Oranga Tamariki hid sexual violence project report – ministers, officials

Publish Date
Wed, 1 Jun 2022, 8:06pm
The Government says what went on was an "incredibly serious" failure by Oranga Tamariki. Photo / Jason Oxenham
The Government says what went on was an "incredibly serious" failure by Oranga Tamariki. Photo / Jason Oxenham

Oranga Tamariki hid sexual violence project report – ministers, officials

Publish Date
Wed, 1 Jun 2022, 8:06pm

By Phil Pennington of RNZ 

Oranga Tamariki's botched sexual violence project was hidden from top officials and the Public Services Commissioner Peter Hughes, who was supposed to have oversight of it. 

The Government says what went on was an "incredibly serious" failure by Oranga Tamariki (OT), but Government ministers said they did not know anything about the "mess" that jeopardised the $60 million project. 

Last week RNZ revealed the internal report by independent assessors for Oranga Tamariki which last year found the project team was so dysfunctional and inadequate that OT had to shut it down and start over 20 months on. 

Hughes who chaired the board of a cross-agency anti-violence joint venture, said OT told him late last year its work was on track. 

"I was not aware of the independent review report, which resulted in a programme being closed down," Hughes told RNZ last Friday. 

"It is disappointing I have only found this out now." 

Delays still plague the $15m-a-year programme aimed at boosting support to all children who have been sexually abused. 

This is at a time when a new briefing shows OT is dealing with 400 rangatahi in care who have been sexually abused and knows of 1500 instances of sex abuse against children each year. 

The April 2021 review that shut down the team said it failed to plan for expanding existing sexual crisis services even though that was central to its 2019-20 Budget bid that snared $60m. 

Public Service Commissioner Peter Hughes. Photo / Mark Mitchell 

'Responsible leadership' in shutting down project – Langridge 

Former OT deputy chief executive and sponsor of the project Trish Langridge, who led and then shut down the project, said she did the right thing. 

"I'm accountable for it. I did the right thing, I stopped something that wasn't working. That's what managers do. That's leadership." 

She dubbed the project "a mess" but said it did not play a part in her leaving OT late last year. 

Project manager Mooch Williams left OT after her team was shut down. She did not respond to requests for comment. 

The review found governance was poor, with steering group meetings called off because few people turned up. 

The two ministers and two commissioners involved told RNZ improving the services was critically important.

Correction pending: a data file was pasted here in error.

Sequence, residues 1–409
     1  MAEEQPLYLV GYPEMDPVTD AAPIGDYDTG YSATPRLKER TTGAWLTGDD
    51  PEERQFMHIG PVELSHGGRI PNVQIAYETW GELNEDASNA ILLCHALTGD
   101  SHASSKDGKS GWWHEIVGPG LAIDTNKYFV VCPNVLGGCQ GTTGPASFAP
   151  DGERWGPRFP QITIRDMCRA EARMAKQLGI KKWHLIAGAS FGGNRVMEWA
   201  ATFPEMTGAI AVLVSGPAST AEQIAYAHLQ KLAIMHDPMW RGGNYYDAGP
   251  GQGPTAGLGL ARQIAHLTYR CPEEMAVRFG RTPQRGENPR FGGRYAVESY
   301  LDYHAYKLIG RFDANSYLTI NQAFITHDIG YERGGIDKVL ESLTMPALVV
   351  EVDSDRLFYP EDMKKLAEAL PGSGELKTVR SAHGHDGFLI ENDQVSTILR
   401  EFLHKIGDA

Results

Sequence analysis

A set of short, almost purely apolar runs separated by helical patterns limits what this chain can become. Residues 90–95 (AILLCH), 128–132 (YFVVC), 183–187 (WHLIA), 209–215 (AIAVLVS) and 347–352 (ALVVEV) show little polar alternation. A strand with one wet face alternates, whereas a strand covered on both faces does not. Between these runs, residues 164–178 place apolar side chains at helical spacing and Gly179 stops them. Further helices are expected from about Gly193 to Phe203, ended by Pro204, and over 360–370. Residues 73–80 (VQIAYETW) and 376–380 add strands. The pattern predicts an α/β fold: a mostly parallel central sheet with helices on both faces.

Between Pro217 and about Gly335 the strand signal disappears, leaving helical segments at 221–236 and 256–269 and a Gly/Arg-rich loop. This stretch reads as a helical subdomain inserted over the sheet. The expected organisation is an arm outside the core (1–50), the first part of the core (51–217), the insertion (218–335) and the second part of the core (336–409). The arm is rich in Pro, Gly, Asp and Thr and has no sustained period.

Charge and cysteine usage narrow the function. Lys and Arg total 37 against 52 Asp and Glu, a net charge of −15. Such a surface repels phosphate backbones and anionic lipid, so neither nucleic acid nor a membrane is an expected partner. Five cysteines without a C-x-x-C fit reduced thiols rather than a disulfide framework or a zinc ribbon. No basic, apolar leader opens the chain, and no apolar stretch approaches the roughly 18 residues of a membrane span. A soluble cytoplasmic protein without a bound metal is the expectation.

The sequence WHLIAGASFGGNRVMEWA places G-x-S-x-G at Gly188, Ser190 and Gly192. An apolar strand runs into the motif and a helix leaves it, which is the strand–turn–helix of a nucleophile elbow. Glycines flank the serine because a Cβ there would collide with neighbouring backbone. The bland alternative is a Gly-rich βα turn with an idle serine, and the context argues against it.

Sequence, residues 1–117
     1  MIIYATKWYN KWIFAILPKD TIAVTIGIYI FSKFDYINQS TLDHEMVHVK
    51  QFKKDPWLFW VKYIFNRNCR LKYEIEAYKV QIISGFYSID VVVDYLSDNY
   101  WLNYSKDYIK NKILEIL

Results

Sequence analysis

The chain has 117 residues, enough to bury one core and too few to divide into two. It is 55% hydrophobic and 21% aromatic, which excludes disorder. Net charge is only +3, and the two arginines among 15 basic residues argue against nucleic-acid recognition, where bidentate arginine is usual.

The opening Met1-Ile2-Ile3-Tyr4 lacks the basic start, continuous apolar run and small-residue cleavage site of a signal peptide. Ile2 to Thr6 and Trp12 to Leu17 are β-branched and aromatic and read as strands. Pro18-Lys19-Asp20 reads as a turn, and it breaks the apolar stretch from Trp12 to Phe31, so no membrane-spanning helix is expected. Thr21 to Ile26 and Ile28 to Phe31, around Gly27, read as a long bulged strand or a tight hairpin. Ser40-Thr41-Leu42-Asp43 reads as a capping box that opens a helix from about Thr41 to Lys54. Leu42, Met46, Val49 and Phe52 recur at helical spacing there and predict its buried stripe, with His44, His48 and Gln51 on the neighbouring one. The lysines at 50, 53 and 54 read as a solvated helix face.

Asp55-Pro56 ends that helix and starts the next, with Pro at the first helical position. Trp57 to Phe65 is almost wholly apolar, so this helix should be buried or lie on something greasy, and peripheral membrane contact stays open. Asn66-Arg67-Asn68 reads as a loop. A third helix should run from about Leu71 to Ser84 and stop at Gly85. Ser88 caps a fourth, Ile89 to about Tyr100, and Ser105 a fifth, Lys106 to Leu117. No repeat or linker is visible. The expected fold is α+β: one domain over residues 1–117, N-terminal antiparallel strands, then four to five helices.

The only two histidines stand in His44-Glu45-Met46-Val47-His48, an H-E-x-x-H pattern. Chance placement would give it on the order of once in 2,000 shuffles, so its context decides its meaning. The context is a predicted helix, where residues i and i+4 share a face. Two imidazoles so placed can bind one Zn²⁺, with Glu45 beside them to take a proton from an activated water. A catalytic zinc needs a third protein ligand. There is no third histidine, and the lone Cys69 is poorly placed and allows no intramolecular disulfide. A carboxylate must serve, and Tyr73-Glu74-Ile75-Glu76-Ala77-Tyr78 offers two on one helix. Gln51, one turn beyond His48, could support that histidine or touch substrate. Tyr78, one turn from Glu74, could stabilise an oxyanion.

But all four disavowed knowledge of it going off the rails. 

Just last December, Hughes told RNZ the project was progressing "as intended". 

"I was given assurances by Oranga Tamariki, which aligned with information reported at the time, that the agency was progressing its sexual violence programmes as intended," Hughes said in a statement on May 27. 

Accountability sat with the chief executive, he said, adding he understood it had been fixed, with funding going directly to communities. 

Minister for Children Kelvin Davis said in a statement he did not receive the independent report and was not made aware of the level of dysfunction it identified. 

"While this happened shortly after I became minister, I expect Oranga Tamariki to keep me better informed about things such as this," Davis said. 

Minister for the Prevention of Family Violence and Sexual Violence Marama Davidson said accountability was a key focus of the six-month-old Te Aorerekura, the National Strategy to Eliminate Family Violence and Sexual Violence, that she led. 

"This is incredibly serious. Any instances where government agencies have failed to deliver on work for people impacted by sexual violence and family violence is of huge concern to me," Davidson said in a statement. 

"I was not advised at any time of failings in the Oranga Tamariki sexual violence project." 

The Office of the Children's Commissioner learned from RNZ last December about OT's drastic underspend on sexual violence services in 2020-21. 

It did not monitor such spending, it said. 

Children's Commissioner Judge Frances Eivers. Photo / Supplied 

It took four months for the commissioner, Judge Frances Eivers, to get a briefing from OT on the matter. That two-page briefing in April did not mention the project being derailed. 

A follow-up meeting was intended, but none took place. 

Only last week, on the same day RNZ asked the office of the Children's Commissioner about it, did the Children's Commissioner get an assurance from Oranga Tamariki that its work was back on track. 

"We were not aware of the independent review until now," the Commissioner's office said. 

"The Office of the Children's Commissioner has connected with Oranga Tamariki, who have assured us that, after a slow start, the funding allocated for sexual violence services is being distributed as intended, in a timely manner." 

Agencies did not have any obligation, "nor [was there] an expectation" to share such reviews with the commissioner, it added. 

OT is having another go at co-designing the sexual violence support services with iwi, many months on from when it was planned to begin. 

Sexual harm - Where to get help 

If it's an emergency and you feel that you or someone else is at risk, call 111. 
If you've ever experienced sexual assault or abuse and need to talk to someone, contact Safe to Talk confidentially, any time 24/7: 
• Call 0800 044 334 
• Text 4334 
• Email [email protected] 
• For more info or to web chat visit safetotalk.nz 
Alternatively contact your local police station - click here for a list. 
If you have been sexually assaulted, remember it's not your fault.